Issue #1. The First Law of Toxicology.

Paracelsus, the founder of toxicology, gave us the first, and most important rule of the discipline: “All things are poison, and nothing is without poison; only the dose permits something not to be poisonous”.  In other words, and the phrase that we use today – the dose makes the poison.  At a high enough dose, most, if not all, substances will reach a level of toxicity to elicit adverse health effects.

exposure

In some cases, the combination of all these elements may necessitate a push towards chemical regulation, including a ban on a particular substance.  But the topic of dangerous chemicals in our environment makes quite the news story – and I don’t blame them. Omit the technical details like the necessary exposure required for toxic effects to take place, and you have a scary, poisonous substance that people will pay attention to. ‘Toxic’ is a scary word; mention that a chemical is toxic, and soon enough there will be hundreds of Facebook groups and organizations dedicated to banning it.

actually 

1)    ‘Toxic’ has somehow become known as a precursor to ‘cancer’.  But, not all toxic chemicals are carcinogenic; they may affect reproduction and development, among other physiological processes, but not all toxic chemicals cause cancer, as some people I’ve spoken to seem to believe.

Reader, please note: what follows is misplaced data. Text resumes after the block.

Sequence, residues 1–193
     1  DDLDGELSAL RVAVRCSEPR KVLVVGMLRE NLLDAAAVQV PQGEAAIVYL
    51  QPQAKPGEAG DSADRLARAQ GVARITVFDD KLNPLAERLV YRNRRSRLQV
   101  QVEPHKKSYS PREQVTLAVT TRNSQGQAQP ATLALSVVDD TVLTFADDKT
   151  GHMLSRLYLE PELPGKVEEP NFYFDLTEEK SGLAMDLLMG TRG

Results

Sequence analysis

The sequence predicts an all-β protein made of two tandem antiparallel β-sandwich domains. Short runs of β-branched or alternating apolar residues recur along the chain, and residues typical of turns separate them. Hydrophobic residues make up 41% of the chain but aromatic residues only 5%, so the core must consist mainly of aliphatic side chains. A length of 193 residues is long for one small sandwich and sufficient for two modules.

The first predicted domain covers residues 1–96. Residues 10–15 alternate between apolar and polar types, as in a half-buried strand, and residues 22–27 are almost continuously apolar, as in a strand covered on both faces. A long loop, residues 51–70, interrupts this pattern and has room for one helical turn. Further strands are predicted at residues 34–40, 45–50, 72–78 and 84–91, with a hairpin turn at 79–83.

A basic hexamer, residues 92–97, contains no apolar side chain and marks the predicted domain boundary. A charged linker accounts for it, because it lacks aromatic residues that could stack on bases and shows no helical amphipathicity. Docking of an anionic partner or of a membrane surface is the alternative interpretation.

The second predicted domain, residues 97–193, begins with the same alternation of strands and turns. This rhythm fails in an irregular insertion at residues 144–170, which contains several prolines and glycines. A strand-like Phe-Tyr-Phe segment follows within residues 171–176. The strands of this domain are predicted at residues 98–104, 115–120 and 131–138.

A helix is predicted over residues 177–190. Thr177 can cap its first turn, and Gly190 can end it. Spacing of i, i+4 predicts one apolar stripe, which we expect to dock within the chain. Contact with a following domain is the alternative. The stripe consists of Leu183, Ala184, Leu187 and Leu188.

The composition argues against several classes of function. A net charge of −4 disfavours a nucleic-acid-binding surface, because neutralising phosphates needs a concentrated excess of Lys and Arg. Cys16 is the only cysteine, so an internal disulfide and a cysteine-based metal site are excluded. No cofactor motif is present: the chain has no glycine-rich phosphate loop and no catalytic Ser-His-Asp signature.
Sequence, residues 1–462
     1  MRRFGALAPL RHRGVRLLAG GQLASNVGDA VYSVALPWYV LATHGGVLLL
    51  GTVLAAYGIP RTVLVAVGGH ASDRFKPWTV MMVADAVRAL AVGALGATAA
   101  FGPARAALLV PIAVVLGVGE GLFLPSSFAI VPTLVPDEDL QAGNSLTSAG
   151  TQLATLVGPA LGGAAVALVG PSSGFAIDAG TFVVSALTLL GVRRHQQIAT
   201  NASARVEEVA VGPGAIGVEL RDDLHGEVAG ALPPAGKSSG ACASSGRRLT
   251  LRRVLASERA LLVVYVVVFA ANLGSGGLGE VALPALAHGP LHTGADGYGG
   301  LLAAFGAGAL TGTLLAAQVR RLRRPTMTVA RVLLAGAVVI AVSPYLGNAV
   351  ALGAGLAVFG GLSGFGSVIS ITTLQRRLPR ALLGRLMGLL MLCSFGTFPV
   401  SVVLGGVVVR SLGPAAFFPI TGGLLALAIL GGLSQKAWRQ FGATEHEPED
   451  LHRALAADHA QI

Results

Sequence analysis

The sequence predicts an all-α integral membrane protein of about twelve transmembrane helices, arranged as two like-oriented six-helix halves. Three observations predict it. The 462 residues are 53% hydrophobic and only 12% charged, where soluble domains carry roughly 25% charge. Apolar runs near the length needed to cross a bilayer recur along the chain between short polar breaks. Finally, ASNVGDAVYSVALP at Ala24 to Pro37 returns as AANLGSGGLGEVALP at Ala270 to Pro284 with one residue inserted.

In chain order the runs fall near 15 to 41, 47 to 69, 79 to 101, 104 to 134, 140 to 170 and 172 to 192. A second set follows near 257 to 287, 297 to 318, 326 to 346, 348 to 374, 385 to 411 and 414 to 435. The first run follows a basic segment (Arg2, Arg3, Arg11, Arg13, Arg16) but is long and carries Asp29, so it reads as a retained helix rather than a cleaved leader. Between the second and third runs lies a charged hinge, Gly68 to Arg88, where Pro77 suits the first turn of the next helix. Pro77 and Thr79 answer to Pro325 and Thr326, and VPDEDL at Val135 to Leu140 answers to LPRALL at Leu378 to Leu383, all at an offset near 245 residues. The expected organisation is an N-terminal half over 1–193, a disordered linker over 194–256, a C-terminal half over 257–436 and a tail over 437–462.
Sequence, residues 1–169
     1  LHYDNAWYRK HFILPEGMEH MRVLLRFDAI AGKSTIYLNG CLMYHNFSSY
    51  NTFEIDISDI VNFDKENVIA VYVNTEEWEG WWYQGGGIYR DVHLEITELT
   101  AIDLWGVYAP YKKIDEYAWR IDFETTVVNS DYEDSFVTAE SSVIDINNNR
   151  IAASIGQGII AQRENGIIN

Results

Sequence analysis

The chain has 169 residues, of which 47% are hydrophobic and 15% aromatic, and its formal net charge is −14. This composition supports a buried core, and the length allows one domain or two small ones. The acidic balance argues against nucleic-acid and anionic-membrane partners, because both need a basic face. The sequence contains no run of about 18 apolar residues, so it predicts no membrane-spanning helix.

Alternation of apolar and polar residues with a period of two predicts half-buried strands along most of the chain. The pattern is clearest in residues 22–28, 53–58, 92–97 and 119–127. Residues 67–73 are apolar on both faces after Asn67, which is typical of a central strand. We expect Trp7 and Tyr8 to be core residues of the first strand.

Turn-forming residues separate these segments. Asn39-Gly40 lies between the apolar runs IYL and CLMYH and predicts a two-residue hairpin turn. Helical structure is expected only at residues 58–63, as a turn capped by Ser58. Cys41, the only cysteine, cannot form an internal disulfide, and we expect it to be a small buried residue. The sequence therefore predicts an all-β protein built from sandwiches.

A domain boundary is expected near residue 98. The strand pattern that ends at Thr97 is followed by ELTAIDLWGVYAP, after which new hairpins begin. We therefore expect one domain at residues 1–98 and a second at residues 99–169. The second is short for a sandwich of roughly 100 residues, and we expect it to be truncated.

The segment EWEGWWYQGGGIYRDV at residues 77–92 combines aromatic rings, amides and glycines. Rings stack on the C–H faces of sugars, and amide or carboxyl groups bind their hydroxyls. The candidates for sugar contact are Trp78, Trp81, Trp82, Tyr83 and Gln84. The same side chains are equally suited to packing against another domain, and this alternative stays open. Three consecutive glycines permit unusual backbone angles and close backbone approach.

2)    If it’s toxic to rats, it must be toxic to humans. Not necessarily.  Obviously, though, it is unethical to inject or feed certain quantities of a particular chemical to humans to observe what response it elicits, if any.  Therefore, much toxicological research is conducted in laboratories, where a common measurement of toxicity is the LD­50 or (LD meaning ‘lethal dose’, and the subscript 50 meaning ‘50%’) which essentially means the dose of a chemical (typically administered orally or injected) required to cause mortality in half of the population studied, whether it be rats, mice, or monkeys.  Sometimes, these doses can be at very high levels that humans would not typically be exposed to. Also, consider the fact that humans are much larger organisms than rats. Essentially, you would expect humans, being much larger than laboratory animals, to require exposure to a higher concentration of a substance before toxic effects would occur. But, if this information is communicated to the public in an irresponsible way that directly relates LD50 values in rats to that in humans without actually mentioning the assumptions made, alarm bells automatically go off.